The National Highway Safety Administration states that motorcycles make up 3% of registered vehicles in the United States, but represent 14% of traffic fatalities. Mike Ball, a well-known figure in the motorcycle community, was almost included in the number of traffic fatalities when he was in a horrifying motorcycle accident that altered his life. He continues to ride in spite of losing a limb.
At 25 years old, Mike Ball was involved in a near-fatal collision that dismembered his left leg. On the afternoon of March 6, 2021, in Huntington Beach, California, Ball was headed toward Indianapolis Street when a driver made a left turn from the opposite side of the street, hitting Ball.
Jeff George saw the crash in front of him, then watched as Ball slid down the street and onto a curb, narrowly avoiding a tree. George knew he needed to act quickly and he used his belt as a tourniquet for Ball. Paramedics transported Ball to Orange, where he was checked into the University of California, Irvine Trauma Center.
Former emergency medical technician Isaac Mandler said “That bystander saved his life.” Mandler explained the medical procedure for traumatic amputations. “Any limb that you sever enough to where you’re going as deep as the bone, you’re in serious trouble,” said Mandler. “Because if you slit an artery, you’re done. It can take two to five minutes to bleed out for any injury so getting a tourniquet on the patient is an EMT’s priority.”
While George doesn’t consider himself a hero, he’s grateful that he was there at the right time. “Ball is the true hero,” he said.
Although Ball had medical insurance through his employer and Cigna covered most of his hospital bills and prosthetics, the financial blow continues to impact Ball’s life. From six figures to bankruptcy, he lives without any unemployment and disability compensation. After graduating from Huntington Beach High School he immediately started training in the maritime industry. As a Tankerman-PIC, he oversaw the transfer of oil and fuel to the ships that came in and out of the Los Angeles and Long Beach harbors. When he wasn’t fueling ships, he was pursuing his responsibilities as a national cabinet member of Insanos Motorcycle Club, which he no longer belongs to.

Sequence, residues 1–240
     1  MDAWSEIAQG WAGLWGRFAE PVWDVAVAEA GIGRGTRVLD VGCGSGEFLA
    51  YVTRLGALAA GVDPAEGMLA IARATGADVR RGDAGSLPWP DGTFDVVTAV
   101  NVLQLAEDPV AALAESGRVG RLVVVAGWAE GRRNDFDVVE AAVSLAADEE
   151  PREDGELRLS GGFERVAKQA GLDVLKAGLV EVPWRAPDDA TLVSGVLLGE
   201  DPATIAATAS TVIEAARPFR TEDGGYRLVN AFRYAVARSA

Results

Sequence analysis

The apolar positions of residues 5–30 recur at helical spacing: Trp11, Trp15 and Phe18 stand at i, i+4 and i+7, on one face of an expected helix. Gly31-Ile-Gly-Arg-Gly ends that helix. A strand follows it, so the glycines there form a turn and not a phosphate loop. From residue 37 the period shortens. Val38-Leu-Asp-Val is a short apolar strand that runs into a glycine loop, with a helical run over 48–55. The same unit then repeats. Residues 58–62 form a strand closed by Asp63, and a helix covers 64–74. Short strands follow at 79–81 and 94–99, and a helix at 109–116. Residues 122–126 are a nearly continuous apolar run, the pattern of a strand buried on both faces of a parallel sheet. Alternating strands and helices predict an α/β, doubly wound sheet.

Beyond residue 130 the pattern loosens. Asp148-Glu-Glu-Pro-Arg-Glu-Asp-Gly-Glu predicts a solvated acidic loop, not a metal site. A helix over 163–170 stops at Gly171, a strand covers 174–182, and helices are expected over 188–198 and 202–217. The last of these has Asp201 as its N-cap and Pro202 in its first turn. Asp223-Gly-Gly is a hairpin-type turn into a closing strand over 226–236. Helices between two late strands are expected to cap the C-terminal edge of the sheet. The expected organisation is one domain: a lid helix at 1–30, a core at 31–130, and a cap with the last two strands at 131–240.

After joining in 2020, Ball climbed the ranks from Vice President to President of the Orange County Chapter. It was only a short while before he became the communications director for the USA Chapter. The club honored him by arranging a ride from São Paulo, Brazil to Rio de Janeiro. The ride included over six thousand registered bikes. His recovery was worthy of celebration, but the accident has brought his father’s fears to the forefront.
Bradley Ball respects his son’s choice to continue to ride, but can’t help but wonder if there will be another phone call. “I’m grateful that he’s alive. I’m so stoked. But inside, I am not the same person. I used to feel happy,” said his father. He believes that the accident has changed his son for the better.
“A lot of people will just give up. Just sit on the couch and cry poor me and he didn’t. He did the exact opposite,” said George. He is inspired by Ball’s propensity to rebuild his life.
Mike Ball was able to walk again with the help of YouTube videos, therapy, and rehabilitation. He was able to teach himself how to walk again after just two months. It wasn’t long before he was back on his Harley doing what he loves most–riding to his peaceful place. Currently, he has a social media platform in the works and co-hosts a podcast called “DemonsRowTV.” Preaching unity to his subscribers, Ball wants to disseminate stereotypes associated with motorcycle culture. He describes the channel as the holy grail of motorcycle culture.
A positive mental attitude is Ball’s key to facing adversity. He’s driven by people who are recovering from severe injuries similar to his. He’s been there and he knows the dark feeling of uncertainty. Stranger or not, Ball picks up the phone to comfort those who reach out to him, which aligns with his desire to become a motivational speaker.
“They get to learn about you, you get to learn about them, and then I’m able to show them–Hey, life is not over,” said Ball. “It’s literally just begun for you, and let me show you how it’s done.”
Contributed by Mahealani Wu.